Tony Abbott’s ‘campaign blitz’ commenced at the early morning markets, and, in his interview on A Current Affair, he said the ‘real risk’ was a ‘really bad government’; and he denied that he would reintroduce WorkChoices. The polls showed the Coalition expecting to pick up six to 10 seats and Labor expecting it to be ‘a lot closer than that’.

The final TV interviews on the ABC and commercial stations saw the distillation of the main themes by the two leaders: Gillard (ABC) saw ‘a real choice, a tough contest…I do have a positive plan for jobs, health, hospitals, broadband’. Abbott (ABC) argued Australia would ‘[f]ix problems by changing the government’. In his final Channel Nine interview (20 August), he was more low key, commenting on how ‘hard’ he had campaigned in his efforts to hold the government to account and to present a ‘clear alternative’. Table 2.3 outlines the post-election saga.

Table 2.3 Post-Election Events




23 August

‘Adam Bandt to back ALP’

Media commentary that Bandt had previously agreed to support the ALP; see Tally Room, 23 August 2010

1 September

Greens back ALP

Climate change committee at Cabinet level, dental care, high-speed rail, parliamentary debate on Afghanistan and political donation laws

2 September

Andrew Wilkie to support ALP

3 September

Bob Katter’s 20-point plan

7 September

Katter supports Coalition

7 September

Tony Windsor and Rob Oakeshott support ALP

7 September

Julia Gillard meets the Governor-General

11 September

Gillard announces ministerial reshuffle

14 September

Gillard, followed by the ministry, is sworn in


Opposition Leader, Tony Abbott, referred to the experience as the ‘longest election’; commentator Hugh McKay spoke of the campaign as a process of ‘ratification’ (7.30 Report, ABC TV, 19 August); SBS’s Karen Middleton framed the campaign as a ‘referendum on Julia Gillard’ (SBS News, 20 August 2010); still others raised serious questions as to the competency of the ALP’s strategy and tactics. The subsequent experience of minority government has left the leading media commentators somewhat puzzled and searching for a script. A few commentators—mainly in the tabloid media (for example, Simon Kearney from the Herald Sun and the Sun-Herald’s Mia Freedman)—latched on to gender as a defining feature; whereas the broadsheets, as typified by The Age (see Michelle Grattan’s work), had decided Australia was in a post-gender paradigm, and gender was no longer relevant.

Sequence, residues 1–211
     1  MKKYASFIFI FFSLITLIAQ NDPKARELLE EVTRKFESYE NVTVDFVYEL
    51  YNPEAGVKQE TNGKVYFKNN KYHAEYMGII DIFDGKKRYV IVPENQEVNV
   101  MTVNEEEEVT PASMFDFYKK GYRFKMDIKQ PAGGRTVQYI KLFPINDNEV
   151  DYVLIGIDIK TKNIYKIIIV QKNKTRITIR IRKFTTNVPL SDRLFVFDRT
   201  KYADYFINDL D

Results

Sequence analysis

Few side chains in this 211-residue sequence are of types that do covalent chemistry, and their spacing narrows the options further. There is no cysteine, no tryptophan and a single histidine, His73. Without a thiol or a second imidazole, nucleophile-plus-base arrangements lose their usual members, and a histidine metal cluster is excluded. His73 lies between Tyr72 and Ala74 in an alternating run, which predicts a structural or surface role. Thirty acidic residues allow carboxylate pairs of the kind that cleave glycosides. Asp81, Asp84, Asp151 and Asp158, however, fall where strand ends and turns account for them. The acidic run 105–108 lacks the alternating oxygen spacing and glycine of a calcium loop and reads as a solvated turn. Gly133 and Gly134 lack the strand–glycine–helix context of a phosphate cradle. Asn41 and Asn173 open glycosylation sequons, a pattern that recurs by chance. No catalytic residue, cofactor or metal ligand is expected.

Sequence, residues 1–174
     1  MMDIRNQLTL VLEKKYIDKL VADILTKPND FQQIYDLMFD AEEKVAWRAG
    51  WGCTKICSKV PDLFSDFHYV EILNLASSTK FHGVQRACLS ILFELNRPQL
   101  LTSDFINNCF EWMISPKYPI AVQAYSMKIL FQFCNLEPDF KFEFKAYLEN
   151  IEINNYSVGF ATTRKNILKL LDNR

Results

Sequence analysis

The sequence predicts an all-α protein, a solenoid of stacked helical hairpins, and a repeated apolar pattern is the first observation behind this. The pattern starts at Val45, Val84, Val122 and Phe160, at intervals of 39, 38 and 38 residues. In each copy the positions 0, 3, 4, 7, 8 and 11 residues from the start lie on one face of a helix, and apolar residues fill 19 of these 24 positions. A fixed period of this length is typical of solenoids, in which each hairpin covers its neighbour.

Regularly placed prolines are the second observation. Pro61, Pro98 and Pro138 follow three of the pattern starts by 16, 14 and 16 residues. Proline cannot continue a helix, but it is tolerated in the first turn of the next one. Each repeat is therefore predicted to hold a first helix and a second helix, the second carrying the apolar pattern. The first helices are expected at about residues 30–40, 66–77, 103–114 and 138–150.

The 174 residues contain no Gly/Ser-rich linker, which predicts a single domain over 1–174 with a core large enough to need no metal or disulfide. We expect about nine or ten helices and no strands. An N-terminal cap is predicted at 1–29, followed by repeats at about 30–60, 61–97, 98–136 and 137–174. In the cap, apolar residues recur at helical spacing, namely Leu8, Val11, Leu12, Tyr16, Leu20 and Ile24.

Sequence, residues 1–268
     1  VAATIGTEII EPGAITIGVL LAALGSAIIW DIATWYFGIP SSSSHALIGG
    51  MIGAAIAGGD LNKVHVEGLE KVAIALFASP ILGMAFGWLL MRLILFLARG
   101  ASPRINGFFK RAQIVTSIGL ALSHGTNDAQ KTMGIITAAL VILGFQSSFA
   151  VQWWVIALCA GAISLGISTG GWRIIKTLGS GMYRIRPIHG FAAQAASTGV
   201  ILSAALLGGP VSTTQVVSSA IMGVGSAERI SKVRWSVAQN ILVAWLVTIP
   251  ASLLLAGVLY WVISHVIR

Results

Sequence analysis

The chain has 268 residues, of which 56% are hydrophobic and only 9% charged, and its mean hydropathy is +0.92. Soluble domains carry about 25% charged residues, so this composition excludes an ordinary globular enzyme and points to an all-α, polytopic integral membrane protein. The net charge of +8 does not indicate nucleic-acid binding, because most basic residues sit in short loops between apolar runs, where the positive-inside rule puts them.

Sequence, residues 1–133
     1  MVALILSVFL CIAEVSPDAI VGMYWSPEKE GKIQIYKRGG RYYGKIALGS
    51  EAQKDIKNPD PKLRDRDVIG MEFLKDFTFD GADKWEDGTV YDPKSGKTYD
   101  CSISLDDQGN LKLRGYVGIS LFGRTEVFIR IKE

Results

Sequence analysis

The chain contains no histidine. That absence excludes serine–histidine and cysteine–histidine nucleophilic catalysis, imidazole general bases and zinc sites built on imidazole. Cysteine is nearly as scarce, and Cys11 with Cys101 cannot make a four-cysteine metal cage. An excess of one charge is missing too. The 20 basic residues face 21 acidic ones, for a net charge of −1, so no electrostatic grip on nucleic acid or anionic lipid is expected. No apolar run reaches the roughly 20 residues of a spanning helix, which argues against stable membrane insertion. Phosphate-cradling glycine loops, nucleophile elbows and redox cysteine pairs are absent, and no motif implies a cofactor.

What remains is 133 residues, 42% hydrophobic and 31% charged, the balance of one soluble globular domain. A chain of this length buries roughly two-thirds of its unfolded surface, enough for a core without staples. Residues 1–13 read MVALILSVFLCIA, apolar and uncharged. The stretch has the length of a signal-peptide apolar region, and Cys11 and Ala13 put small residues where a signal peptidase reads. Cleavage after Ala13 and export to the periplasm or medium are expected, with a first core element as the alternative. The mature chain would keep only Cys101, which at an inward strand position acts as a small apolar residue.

Other longer-term and deeper explanations provide important context. As in 2007, David Marr’s (2010) perceptive and biting analysis of the personality and style of the incumbent Prime Minister (John Howard in 2007 and Kevin Rudd in 2010) was picked up by political commentators. The economy, while featured in Julia Gillard’s early speeches, did not gain sustained coverage, although Andrew Scott (2010) reminds us that the GFC saw governments tumble internationally, replaced with hung parliaments and minority governments.